For a greenfield plant design, the flotation models are typically based on kinetic laboratory tests carried out both for the rougher and cleaner stages. It is also common to carry out closed loop locked cycle laboratory tests and pilot plant test runs to model-fit and calibrate the plant design simulation model. In addition to equipment sizing, it is possible to study the grade-recovery response with different feed compositions and capacities, and with various cell operating parameters. As well as evaluate and design different flowsheet configurations.
The flotation plant flowsheet simulation models provide an efficient way to assess existing circuit operation, further optimize its operating conditions and to evaluate different circuit reconfigurations. When planning a new flotation plant design, simulation models can be used to design the circuit configuration and cell sizing. In both cases the models are based on experimental data from the minerals flotation kinetics. The Outotec HSC Chemistry9 Sim module includes high-end tools for fitting the recovery models for the data and simulating full scale flotation plants.
Flotation has been at the heart of the mineral processing industry for over 100 years, addressing the sulphide problem of the early 1900s, and continues to provide one of the most important tools in mineral separation today. The realisation of the effect of a minerals hydrophobicity on flotation all those years ago has allowed us to treat oxides, sulphides and carbonates, coals and industrial minerals economically, and will continue to do so in the future.
There have been a number of important changes in the industry over the years as flotation technology and equipment have advanced. Xstrata Technology considers the most noticeable has been the increase in sizes of the flotation machines, from the multiple small square cells that were initially used, to the 300 m round cells used today that are the norm in large scale plants.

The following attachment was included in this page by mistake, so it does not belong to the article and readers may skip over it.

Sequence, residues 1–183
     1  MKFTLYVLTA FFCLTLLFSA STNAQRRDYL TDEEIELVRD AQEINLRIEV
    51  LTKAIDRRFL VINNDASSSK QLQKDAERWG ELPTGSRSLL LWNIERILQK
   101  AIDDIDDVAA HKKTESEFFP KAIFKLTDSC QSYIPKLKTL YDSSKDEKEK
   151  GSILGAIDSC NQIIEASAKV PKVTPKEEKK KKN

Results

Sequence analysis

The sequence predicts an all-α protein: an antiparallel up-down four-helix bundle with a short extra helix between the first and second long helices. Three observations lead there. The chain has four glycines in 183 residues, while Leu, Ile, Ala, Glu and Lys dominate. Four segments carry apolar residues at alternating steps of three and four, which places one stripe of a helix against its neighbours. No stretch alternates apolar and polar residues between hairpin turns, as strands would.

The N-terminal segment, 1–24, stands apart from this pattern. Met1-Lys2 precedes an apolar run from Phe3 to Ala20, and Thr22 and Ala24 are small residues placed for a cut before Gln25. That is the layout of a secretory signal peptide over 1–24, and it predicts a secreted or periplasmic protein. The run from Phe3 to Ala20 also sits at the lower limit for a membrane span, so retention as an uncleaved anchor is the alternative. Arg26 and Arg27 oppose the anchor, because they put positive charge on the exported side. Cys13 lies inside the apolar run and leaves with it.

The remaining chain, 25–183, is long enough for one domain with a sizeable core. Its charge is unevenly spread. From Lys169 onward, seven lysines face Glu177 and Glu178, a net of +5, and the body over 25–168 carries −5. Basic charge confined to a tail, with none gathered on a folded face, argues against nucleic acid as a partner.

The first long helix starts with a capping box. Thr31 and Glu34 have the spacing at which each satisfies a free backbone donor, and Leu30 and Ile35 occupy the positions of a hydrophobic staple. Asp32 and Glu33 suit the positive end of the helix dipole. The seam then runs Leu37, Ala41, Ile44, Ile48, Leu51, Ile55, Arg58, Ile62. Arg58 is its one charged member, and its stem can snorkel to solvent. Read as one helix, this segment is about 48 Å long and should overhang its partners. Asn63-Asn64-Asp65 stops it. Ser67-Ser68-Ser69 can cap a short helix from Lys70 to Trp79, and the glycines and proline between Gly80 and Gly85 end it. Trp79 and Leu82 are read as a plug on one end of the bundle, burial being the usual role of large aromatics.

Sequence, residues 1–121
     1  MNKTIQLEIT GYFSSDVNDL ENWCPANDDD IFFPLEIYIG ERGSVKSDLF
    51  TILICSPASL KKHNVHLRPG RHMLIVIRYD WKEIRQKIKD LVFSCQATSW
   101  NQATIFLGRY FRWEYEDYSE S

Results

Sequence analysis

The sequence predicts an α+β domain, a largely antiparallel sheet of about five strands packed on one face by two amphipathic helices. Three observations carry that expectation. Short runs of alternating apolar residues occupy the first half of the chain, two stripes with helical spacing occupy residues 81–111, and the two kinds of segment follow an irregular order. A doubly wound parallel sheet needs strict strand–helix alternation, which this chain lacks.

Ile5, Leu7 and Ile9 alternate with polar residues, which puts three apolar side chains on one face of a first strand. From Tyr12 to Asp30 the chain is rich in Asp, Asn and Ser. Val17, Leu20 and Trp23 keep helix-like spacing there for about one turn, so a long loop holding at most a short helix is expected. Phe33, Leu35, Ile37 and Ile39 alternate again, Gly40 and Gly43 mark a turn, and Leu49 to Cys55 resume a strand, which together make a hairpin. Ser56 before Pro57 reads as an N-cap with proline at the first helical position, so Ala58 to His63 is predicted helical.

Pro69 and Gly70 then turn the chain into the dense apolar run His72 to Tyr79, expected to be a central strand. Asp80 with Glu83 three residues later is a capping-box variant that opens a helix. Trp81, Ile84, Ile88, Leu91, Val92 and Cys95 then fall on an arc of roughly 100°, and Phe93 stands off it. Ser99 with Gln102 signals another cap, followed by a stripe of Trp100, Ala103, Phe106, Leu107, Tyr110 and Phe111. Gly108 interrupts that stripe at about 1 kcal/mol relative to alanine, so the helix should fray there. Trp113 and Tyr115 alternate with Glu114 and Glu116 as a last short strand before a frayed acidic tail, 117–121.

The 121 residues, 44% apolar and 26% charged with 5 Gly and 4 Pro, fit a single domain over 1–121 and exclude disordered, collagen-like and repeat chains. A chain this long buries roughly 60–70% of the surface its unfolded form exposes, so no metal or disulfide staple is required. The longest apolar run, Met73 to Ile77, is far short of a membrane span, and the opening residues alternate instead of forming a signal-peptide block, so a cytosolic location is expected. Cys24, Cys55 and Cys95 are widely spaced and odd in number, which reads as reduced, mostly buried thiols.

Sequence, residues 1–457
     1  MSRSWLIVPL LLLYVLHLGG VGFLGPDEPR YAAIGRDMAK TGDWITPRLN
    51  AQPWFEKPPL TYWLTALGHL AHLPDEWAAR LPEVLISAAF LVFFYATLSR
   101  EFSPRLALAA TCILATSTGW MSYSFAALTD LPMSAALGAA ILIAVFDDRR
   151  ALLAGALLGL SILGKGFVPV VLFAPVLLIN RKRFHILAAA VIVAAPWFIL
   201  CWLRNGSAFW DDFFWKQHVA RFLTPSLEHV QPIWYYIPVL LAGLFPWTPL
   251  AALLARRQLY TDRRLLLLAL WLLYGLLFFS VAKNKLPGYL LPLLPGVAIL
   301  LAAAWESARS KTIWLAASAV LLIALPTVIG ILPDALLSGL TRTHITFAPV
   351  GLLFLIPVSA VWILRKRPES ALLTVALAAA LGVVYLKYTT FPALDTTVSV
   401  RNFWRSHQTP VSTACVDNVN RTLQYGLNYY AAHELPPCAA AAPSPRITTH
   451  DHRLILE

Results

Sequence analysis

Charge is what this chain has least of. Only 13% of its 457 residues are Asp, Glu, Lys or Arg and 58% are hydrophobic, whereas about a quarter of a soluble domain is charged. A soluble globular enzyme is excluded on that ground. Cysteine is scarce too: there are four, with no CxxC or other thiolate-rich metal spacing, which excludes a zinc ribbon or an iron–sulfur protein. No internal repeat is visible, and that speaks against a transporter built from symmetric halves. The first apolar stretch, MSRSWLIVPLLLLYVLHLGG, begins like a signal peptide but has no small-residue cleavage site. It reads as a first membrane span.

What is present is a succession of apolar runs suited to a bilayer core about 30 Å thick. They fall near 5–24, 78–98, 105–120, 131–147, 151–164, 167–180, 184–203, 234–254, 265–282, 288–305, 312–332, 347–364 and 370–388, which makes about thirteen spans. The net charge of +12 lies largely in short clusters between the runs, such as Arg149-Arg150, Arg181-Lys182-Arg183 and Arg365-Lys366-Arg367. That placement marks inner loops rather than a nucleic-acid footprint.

Other changes have been more subtle, but equally as important. One of these has been the design of the flotation circuit to make the most of the liberation and surface chemistry effects of the minerals. In a lot of these situations it is not a matter of bigger is better, that will make the process work, but being smarter in the application of flotation technology.
Xstrata Technology is one company that believes the smarter use of flotation machines can deliver big improvements in plant performance. Through its use of the naturally aspirated Jameson Cell, Xstrata Technology has been making inroads into the processing of more complex ores. Having a small footprint, and using the high intensity mixing environment of slurry and naturally induced air in a simple downcomer, the Jameson Cell provides an ideal environment for the separation of hydrophobic particles and gangue, it says. The small footprint of the cells also makes them ideal to retrofit into a circuit especially where space is tight.